Luce, who remained editor-in-chief of all his publications until 1964, maintained a position as an influential member of the Republican Party.[9] An instrumental figure behind the so-called "China Lobby", he played a large role in steering American foreign policy and popular sentiment in favor of Kuomintang leader Chiang Kai-shek and his wife, Soong Mei-ling, in their war against the Japanese. (The Chiangs appeared in the cover of Time eleven times between 1927 and 1955.)[10]

Luce penned a famous editorial in Life magazine in 1941, called "The American Century", which defined the role of American foreign policy for the remainder of the 20th century (and perhaps beyond).[9]

He died in Phoenix, Arizona in 1967. At his death, he was said to be worth $100 million in Time Inc. stock.[11] Most of his fortune went to the Henry Luce Foundation, where his son Henry III served as chairman and chief executive for many years.[12]

Family[edit]

Luce met his first wife, Lila Hotz, while he was studying at Yale in 1919.[12] They married in 1923 and had two children, Peter Paul and Henry Luce III, before divorcing in 1935.[12]

Recognition[edit]

He was honored by the United States Postal Service with a 32¢ Great Americans series (1980–2000) postage stamp.[13] Luce was inducted into the Junior Achievement U.S. Business Hall of Fame.[14]

References[edit]

  1. ^ Robert Edwin Herzstein (2005). Henry R. Luce, Time, and the American Crusade in Asia. Cambridge U.P. p. 1. ISBN 9780521835770.
  2. ^ Editorial (1941-02-17) The American Century, Life Magazine
  3. ^ a b c Baughman, James L. (April 28, 2004). "Henry R. Luce and the Rise of the American News Media". American Masters (PBS). Retrieved 19 June 2014.
  4. ^ Brinkley, The Publisher: Henry Luce and his American Century (2010) p. 35.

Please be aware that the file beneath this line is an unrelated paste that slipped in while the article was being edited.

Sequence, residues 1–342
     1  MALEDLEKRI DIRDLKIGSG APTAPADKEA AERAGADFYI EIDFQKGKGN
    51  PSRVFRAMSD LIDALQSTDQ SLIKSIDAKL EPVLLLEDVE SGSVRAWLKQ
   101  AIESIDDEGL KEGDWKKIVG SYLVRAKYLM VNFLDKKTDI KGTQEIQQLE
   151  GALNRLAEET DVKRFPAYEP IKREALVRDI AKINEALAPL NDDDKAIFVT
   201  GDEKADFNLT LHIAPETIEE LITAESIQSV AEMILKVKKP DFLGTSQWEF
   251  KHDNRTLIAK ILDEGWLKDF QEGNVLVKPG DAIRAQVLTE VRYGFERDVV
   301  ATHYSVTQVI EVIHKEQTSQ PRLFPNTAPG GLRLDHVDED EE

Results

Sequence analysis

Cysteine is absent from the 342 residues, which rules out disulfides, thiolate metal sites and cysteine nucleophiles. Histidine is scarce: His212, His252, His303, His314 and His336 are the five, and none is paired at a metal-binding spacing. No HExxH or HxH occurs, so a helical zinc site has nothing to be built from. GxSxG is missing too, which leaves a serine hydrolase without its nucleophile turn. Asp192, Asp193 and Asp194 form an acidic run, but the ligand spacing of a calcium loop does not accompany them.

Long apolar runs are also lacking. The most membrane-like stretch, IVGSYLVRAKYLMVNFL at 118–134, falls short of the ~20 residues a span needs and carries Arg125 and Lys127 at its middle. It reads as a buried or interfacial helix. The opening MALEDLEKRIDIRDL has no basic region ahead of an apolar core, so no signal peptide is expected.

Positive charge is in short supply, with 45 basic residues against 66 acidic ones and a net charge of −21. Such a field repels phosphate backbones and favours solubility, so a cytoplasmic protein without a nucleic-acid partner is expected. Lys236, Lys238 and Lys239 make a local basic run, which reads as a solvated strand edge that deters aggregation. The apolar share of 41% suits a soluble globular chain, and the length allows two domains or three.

5. ^ Brinkley, pp. 54-57.
  6. ^ Brinkley, pp. 61–63, 70–83.
  7. ^ Warburton, Albert (Winter 1962). "Robert L. Johnson Hall Dedicated at Temple University" (PDF). The Emerald of Sigma Pi. Vol. 48, no. 4. p. 111.
  8. ^ Brinkley, The Publisher: Henry Luce and his American Century (2010) pp. 322–93
  9. ^ a b "Henry R. Luce: End of a Pilgrimage". Time. March 10, 1967
  10. ^ "Time magazine historical search". Time magazine. Archived from the original on 30 June 2012. Retrieved 19 June 2014.
  11. ^ Edwin Diamond (October 23, 1972). "Why the Power Vacuum at Time Inc. Continues". New York.
  12. ^ a b c Ravo, Nick (April 3, 1999). "Lila Luce Tyng, 100, First Wife of Henry R. Luce". The New York Times. Retrieved January 16, 2018.
  13. ^ "Henry R. Luce". US Stamp Gallery. April 3, 1998.
  14. ^ "Appendix O- National Business Hall of Fame Laureates" (PDF). Junior Achievement Inc. Retrieved 30 December 2019.

Further reading[edit]

  • Baughman, James L. "Henry R. Luce and the Business of Journalism." Business & Economic History On-Line 9 (2011). online
  • Baughman, James L. Henry R. Luce and the Rise of the American News Media (2001) online
  • Brinkley, Alan. The Publisher: Henry Luce and His American Century, (Alfred A. Knopf, 2010) 531 pp. online
  • Brinkley, Alan. What Would Henry Luce Make of the Digital Age?, Time (April 19, 2010) excerpt and text search
  • Elson, Robert T. Time Inc: The Intimate History of a Publishing Enterprise, 1923–1941 (1968); vol. 2: The World of Time Inc.: The Intimate History, 1941–1960 (1973), official corporate history. vol 1 online also vol 2 online
  • Herzstein, Robert E. Henry R. Luce, Time, and the American Crusade in Asia (2006) online
  • Herzstein, Robert E. Henry R. Luce: A Political Portrait of the Man Who Created the American Century (1994). online
  • Morris, Sylvia Jukes. Rage for Fame: The Ascent of Clare Boothe Luce (1997).
  • Swanberg, W. A., Luce and His Empire, Charles Scribner's Sons, New York, 1972.
  • Wilner, Isaiah. The Man Time Forgot: A Tale of Genius, Betrayal, and the Creation of Time Magazine (HarperCollins, 2006).

Primary sources[edit]

  • Luce, Henry. The ideas of Henry Luce ed by John Knox Jessup, (1969) online

External links[edit]